NICHOLAS ALTOBELLI — Searching Through That Minor Key

Album: Searching Through That Minor Key

Artist: Nicholas Altobelli

Label: self-released

Release Date: July 07, 2015

Altobelli 7-7

https://nicholasaltobelli.bandcamp.com/album/searching-through-that-minor-key

BY JENNIFER KELLY

“Metal Tree,” a bittersweet little tune about the struggle for connection in outer space, is the only song on this album that is actually in a minor key. It is an odd song, fanciful in concept, but matter of fact in execution. It is gently rueful without wallowing in self-pity. Like much of Searching Through That Minor Key it touches on loneliness, mortality, missed romantic opportunity and regret, but in a glancing way, the sadness sheathed in soft buoyant harmonies and rhythmic picking. Nicholas Altobelli may not be the world’s happiest guy, but he’s not going to drag you down.

Like his last couple of recordings, this one was produced by Salim Nourallah and draws assistance from Texas indie pop mainstays like John Dulfilho from the Deathray Davies and Joe Reyes of Swindles and Buttercup. Mostly recorded in 2013, the album was scrapped for a time as Altobelli dealt with the fall-out from a deteriorating marriage. He recorded an EP called Mesocyclone and released it in 2014, while these tunes languished. It feels like a dark, personal album, though veiled with metaphor.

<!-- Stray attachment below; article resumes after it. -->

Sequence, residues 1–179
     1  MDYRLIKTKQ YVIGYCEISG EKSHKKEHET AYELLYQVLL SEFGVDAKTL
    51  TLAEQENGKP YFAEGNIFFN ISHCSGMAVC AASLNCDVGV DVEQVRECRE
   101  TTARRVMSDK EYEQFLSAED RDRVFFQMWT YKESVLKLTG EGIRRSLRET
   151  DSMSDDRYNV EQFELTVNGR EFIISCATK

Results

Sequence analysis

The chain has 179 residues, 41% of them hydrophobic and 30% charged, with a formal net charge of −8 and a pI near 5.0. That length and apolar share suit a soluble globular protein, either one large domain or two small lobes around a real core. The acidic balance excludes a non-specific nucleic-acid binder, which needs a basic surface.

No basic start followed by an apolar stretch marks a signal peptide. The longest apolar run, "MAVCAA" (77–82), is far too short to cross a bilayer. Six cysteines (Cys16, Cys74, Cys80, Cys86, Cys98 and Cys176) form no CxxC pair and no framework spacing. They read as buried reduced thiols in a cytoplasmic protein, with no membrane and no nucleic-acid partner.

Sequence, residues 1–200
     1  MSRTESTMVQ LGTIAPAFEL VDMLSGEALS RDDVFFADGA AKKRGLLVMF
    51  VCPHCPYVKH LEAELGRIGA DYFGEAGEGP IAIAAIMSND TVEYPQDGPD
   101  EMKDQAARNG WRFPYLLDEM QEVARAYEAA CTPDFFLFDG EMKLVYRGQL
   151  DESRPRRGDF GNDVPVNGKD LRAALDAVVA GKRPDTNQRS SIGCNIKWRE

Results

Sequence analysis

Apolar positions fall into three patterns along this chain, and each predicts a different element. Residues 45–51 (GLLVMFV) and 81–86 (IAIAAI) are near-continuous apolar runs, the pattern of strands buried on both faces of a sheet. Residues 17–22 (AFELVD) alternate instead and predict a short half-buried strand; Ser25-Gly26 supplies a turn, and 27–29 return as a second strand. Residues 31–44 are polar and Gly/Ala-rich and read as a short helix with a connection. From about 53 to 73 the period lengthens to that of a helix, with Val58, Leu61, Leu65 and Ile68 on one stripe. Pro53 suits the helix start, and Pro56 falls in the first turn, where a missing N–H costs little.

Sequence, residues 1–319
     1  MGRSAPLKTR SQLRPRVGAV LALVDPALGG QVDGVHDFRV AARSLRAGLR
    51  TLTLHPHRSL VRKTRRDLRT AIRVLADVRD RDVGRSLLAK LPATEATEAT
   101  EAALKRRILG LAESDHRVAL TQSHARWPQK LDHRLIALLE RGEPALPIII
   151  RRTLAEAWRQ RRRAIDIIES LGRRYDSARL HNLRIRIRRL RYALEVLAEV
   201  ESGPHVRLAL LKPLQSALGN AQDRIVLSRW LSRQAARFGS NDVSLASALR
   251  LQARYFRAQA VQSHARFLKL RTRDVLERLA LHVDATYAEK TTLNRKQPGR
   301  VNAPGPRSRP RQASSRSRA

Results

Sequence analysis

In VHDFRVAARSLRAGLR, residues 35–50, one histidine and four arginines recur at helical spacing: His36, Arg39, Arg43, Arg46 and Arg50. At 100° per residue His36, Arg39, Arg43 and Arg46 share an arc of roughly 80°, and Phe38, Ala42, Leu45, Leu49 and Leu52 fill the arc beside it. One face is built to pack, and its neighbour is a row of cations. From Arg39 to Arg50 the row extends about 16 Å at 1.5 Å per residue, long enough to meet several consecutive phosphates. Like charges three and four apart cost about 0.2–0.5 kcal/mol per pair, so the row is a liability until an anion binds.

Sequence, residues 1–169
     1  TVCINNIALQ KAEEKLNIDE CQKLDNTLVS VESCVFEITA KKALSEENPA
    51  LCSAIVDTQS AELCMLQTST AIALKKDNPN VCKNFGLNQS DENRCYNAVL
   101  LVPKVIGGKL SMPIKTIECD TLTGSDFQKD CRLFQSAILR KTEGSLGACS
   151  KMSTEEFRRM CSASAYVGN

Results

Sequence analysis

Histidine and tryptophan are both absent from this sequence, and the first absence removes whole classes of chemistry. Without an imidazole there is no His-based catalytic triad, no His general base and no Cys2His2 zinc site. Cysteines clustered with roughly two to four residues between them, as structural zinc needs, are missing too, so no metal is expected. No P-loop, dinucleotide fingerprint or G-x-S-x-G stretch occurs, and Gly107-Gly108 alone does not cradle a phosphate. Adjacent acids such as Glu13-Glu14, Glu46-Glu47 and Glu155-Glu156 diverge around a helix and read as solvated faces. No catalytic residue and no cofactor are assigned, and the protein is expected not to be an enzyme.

And yet, how light and buoyant these songs can be, floating light and unconcerned over arrangements in acoustic guitar, piano, drums, bass and sometimes glockenspiel. How calmly they consider extremity, lost love in “Dogwood,” a long-forgotten crush in “Sarah,” the death of an elderly relative in “Painted Aeroplanes.” How easily they slip a bit of musical uplift and comfort into their melodic lines. Listening to Minor Key is like chatting with an old friend about whatever’s gone wrong. Quietly, gradually, it makes you feel better.

Maybe my favorite song on this unassumingly pretty album is “Alabaster,” a song sung from beyond the grave by a lover who wants his girl to be happy. It’s touchingly arranged with swoops of cello and churchly piano, sad on its surface, but radiating kindness. The narrator is dead, but he loves his wife enough to want her to continue. “Toss it [the ring] in the sea and make room for a gold heart,” he urges. These gentle songs celebrate the way that sadness can be beautiful as it gives way to hope and comfort.

DOWNLOAD: “Metal Tree” “Alabaster”

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